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Who is Blender for? Comparing Blender to other 3D software

kat · 6 · 15525

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Offline kat

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It's a simple question, right?

In all this talk about Blender this, and Blender that, no-one seems to have ever answered it. And ironically it's fundamental to this entire discussion on changes to the UI, knowing who your intended audience is informs every decision made. So...

Who is Blender for?

P.S. "the user" doesn't cut it as an answer because that defines nothing.

P.P.S. A much longer and expansive post was being written on this but had to be stopped because, without knowing the answer to that basic but so fundamentally important question, everything, and one does mean everything, in this conversation about 'change' is largely moot; one might as well change things arbitrarily because they can be changed rather than because doing so would serve a specific purpose outside of "oooo something's changed in Blender.. cool". In affect, what difference does this all make to the hobbyist compared to the freelance or studio based professional? If Blender is changed to service the former what effect does that have on the latter, and vice versa?

When putting all this into context and looking at the below, there is no 'right' and 'wrong' here; only contextually 'better' or 'worse' ways to do things, i.e. making things more efficient.. but then back to square one. For whom?

[EDIT 11 Oct]Here's the problem.. to a professional the only thing that matters is "time = money". To everyone else it's ostensibly about enjoyment; of the process, of the final product. What this means is that professionals have an entirely different mindset with respect to their use of any application which is underpinned by how quickly and easily something can be done. From an application standpoint this equates to how well a tool functions not specifically how easy it is to use or access (the two are not necessarily synonymous); the latter is a 'training' or 'documentational' issue - knowing where something is and how to use it - rather than one of efficacy, which is entirely skill/experience driven (subject to the tool feature complexity etc.) - typically the more skilled or experienced a user, the quicker something can be done (again subject to fundamental tool complexities).

This is what's meant by asking the question; "who is Blender for".

Incidentally, Lightwave (see below) uses RMB selection ;)




Offline kat

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(Re)defining Blender goes some way to answering "Who is Blender for".

Quote
The official Blender Foundation goal is worded like this:

Provide individual artists and small teams with a complete, free and open source 3D creation pipeline.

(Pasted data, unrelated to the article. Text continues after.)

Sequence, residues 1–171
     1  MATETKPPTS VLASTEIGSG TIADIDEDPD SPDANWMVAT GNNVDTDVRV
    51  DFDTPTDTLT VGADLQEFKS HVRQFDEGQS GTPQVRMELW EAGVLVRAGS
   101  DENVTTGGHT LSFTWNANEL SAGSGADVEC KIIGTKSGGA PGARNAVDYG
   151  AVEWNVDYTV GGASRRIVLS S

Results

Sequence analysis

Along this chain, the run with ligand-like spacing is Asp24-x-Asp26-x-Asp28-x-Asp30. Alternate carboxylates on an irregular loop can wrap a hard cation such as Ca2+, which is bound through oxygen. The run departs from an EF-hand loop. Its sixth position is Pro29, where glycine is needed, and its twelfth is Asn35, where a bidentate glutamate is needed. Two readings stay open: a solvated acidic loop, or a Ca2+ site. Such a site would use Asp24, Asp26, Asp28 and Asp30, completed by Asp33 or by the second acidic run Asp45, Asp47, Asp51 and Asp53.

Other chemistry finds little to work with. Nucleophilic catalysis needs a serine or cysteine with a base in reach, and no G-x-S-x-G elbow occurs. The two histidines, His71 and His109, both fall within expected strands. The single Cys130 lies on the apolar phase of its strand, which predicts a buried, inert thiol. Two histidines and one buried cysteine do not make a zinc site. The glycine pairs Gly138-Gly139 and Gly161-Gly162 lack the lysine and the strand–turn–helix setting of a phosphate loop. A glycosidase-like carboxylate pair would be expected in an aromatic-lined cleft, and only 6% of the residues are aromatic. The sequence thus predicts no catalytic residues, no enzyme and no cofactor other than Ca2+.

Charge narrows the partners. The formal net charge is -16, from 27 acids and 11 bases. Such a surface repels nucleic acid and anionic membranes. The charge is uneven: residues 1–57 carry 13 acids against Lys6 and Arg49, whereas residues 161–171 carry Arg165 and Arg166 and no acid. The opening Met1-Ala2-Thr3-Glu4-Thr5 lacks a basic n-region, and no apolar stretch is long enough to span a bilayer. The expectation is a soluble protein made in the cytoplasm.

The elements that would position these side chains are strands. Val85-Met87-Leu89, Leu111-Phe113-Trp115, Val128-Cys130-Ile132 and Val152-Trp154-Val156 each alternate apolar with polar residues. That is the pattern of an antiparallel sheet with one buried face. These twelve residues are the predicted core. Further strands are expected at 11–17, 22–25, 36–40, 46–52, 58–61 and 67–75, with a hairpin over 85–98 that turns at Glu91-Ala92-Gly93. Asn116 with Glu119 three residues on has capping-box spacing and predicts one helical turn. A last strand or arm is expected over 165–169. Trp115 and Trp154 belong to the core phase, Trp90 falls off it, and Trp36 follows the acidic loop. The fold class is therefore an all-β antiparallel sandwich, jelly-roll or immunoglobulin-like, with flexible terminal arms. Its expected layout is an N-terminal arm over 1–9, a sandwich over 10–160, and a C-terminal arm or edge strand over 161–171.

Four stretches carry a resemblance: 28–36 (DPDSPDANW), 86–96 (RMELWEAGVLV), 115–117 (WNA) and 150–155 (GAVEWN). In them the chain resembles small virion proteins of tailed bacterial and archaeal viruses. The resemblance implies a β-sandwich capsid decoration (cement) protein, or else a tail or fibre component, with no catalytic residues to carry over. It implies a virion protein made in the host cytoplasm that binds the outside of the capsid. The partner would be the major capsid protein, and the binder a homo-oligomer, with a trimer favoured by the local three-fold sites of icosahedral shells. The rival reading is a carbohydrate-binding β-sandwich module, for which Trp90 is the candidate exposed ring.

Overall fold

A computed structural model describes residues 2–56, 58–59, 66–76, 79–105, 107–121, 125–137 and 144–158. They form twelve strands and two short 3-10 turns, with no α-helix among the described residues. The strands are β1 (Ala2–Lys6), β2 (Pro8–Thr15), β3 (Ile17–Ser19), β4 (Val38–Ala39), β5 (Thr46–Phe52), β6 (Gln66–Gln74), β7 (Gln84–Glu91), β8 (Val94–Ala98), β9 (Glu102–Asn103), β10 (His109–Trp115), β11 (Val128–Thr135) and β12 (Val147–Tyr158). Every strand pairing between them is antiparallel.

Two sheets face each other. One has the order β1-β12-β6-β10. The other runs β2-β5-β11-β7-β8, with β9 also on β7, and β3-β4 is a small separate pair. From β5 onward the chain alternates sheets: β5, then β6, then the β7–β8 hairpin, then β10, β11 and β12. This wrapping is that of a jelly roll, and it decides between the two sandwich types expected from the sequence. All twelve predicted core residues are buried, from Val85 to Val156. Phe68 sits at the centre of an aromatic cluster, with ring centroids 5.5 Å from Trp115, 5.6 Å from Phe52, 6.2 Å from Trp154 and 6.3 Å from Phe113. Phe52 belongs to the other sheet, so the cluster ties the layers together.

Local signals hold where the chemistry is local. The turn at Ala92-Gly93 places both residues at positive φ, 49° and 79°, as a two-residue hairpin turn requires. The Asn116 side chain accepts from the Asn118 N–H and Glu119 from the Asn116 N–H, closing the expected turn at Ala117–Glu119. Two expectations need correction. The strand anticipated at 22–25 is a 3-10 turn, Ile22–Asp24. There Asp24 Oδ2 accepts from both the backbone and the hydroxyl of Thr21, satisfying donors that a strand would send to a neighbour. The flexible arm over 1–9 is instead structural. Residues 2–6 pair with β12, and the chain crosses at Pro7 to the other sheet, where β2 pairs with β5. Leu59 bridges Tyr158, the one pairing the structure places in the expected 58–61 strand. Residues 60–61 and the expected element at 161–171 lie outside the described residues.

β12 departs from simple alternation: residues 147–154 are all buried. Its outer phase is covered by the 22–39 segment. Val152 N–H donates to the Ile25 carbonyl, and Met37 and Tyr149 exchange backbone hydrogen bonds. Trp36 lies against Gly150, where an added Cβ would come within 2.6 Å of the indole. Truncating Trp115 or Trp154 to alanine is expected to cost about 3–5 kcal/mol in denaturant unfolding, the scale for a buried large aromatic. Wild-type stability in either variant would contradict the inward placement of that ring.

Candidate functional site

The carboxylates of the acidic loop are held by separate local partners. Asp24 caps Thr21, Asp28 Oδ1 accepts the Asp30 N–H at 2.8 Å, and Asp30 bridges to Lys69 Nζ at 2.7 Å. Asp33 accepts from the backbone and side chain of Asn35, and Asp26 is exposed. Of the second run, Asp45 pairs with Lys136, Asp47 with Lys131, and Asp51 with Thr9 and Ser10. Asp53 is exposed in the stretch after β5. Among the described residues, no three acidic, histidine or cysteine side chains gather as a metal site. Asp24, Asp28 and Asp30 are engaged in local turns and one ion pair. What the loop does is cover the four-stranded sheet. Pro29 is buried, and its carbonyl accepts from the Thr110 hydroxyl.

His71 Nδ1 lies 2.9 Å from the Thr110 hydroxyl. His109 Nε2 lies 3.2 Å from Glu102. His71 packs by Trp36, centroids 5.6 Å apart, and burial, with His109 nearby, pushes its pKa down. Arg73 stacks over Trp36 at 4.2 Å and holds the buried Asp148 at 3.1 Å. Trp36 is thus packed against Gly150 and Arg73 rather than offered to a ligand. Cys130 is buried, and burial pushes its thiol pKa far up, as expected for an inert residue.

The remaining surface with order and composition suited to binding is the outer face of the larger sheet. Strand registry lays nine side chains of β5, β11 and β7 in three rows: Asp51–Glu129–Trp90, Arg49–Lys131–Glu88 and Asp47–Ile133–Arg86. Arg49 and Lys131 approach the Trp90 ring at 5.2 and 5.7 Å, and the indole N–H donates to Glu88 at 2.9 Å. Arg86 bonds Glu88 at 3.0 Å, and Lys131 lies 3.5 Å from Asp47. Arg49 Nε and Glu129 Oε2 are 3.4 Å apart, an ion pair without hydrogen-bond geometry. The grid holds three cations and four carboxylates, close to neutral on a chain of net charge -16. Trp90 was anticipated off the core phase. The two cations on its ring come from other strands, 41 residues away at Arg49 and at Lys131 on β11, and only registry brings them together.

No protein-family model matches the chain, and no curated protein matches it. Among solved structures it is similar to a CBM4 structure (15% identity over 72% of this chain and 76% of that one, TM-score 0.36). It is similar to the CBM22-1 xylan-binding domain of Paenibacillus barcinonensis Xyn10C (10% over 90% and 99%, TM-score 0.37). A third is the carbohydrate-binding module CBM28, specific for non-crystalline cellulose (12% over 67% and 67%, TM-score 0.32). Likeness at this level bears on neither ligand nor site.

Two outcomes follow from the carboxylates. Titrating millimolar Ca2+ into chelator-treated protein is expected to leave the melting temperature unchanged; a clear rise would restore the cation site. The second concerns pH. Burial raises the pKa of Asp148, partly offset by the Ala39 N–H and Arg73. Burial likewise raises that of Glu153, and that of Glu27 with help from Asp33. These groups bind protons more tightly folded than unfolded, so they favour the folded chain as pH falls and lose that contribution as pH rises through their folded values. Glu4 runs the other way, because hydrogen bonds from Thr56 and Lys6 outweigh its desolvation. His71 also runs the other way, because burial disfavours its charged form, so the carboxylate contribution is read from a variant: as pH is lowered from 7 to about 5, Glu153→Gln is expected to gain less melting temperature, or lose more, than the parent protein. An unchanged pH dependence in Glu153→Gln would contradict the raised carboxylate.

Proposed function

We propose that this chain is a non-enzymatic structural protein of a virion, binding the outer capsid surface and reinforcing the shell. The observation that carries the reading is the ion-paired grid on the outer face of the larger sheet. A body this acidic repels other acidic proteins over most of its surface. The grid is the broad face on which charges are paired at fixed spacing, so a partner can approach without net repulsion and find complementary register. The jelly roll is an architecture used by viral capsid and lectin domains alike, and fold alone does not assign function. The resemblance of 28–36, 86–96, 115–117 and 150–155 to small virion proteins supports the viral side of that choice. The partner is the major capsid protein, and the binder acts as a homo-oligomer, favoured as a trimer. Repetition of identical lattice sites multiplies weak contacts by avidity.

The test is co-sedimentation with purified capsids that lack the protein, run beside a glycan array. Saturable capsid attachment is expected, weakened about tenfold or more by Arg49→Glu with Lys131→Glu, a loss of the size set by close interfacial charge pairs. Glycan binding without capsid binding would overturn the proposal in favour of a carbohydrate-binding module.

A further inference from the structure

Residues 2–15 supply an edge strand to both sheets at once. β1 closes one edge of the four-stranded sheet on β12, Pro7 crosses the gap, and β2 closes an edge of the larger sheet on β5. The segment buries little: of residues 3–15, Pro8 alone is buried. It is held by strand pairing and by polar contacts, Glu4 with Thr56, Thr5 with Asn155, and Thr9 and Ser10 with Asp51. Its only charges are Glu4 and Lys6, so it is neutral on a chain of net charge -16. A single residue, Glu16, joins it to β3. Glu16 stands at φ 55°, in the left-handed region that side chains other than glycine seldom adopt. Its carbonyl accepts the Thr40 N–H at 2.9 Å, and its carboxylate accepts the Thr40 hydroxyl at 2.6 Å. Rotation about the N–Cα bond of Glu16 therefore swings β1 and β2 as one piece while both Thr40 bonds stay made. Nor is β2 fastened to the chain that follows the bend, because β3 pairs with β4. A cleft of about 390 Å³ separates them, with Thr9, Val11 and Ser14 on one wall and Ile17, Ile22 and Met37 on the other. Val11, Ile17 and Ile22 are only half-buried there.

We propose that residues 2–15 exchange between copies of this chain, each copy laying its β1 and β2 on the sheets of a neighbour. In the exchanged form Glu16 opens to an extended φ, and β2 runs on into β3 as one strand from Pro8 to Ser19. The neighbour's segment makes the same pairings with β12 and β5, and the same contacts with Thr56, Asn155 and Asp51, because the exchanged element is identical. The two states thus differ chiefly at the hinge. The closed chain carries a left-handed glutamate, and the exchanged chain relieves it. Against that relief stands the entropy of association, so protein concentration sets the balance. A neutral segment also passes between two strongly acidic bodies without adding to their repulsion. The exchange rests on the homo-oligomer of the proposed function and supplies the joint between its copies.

In this simple sentence a couple of crucial focus points come together.
  • Artists and teams:
    We work for people who consider themselves artist – and who work on creating 3D individually or in small teams together. The definition for “artist” can be taken quite wide – to include engineers, product designers, architects or scientists. But each of them can be considered to have a serious interest in working with 3D software to create something related to that interest. “Blender is for artists” also means that’s it not a programming API or scripting environment, these are secondary to this goal.
  • Complete 3D creation:
    Blender should work for making finished products, without requirement to purchase or run other programs. Its output should satisfy the users sufficiently to share their work in public or market it as part of a living.
  • Pipeline:
    We are aware of how CG production works (for animation, film, vfx, games) and we want Blender to work sufficiently in each and every aspect of such creation pipelines. This to to make complex creations possible and to enable people working together.
  • Free and open source:
    And not only should Blender be a complete production system, we even want this to be free and open source!


Offline ratty redemption

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that wiki page by brecht was very interesting. he's fixed a few of the obscure ui bugs i keep finding. i also like that he's not as defensive about the blender code as some of the other devs.


Offline kat

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Agreed. He has an extremely pragmatic approach to the entire UI issue and is fully aware of what it actually means in terms of implementing any sort of change. Personally I tend to waver towards the type of change he discusses, that 'low-hanging fruit' should be looked at first - which includes consolidating and/or unifying certain aspects of the UI and interactive feedback (buttons using the same metaphors depending on the type of input allowed for example).


Offline kat

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In relation to Tons post on (re)defining Blender he gave an interesting talk on the points raised in that post. It's an hour + long but if time is available it's worth a listen (starts around 8:30 in).

Note the audio is a bit on the loud side so lower volume before playing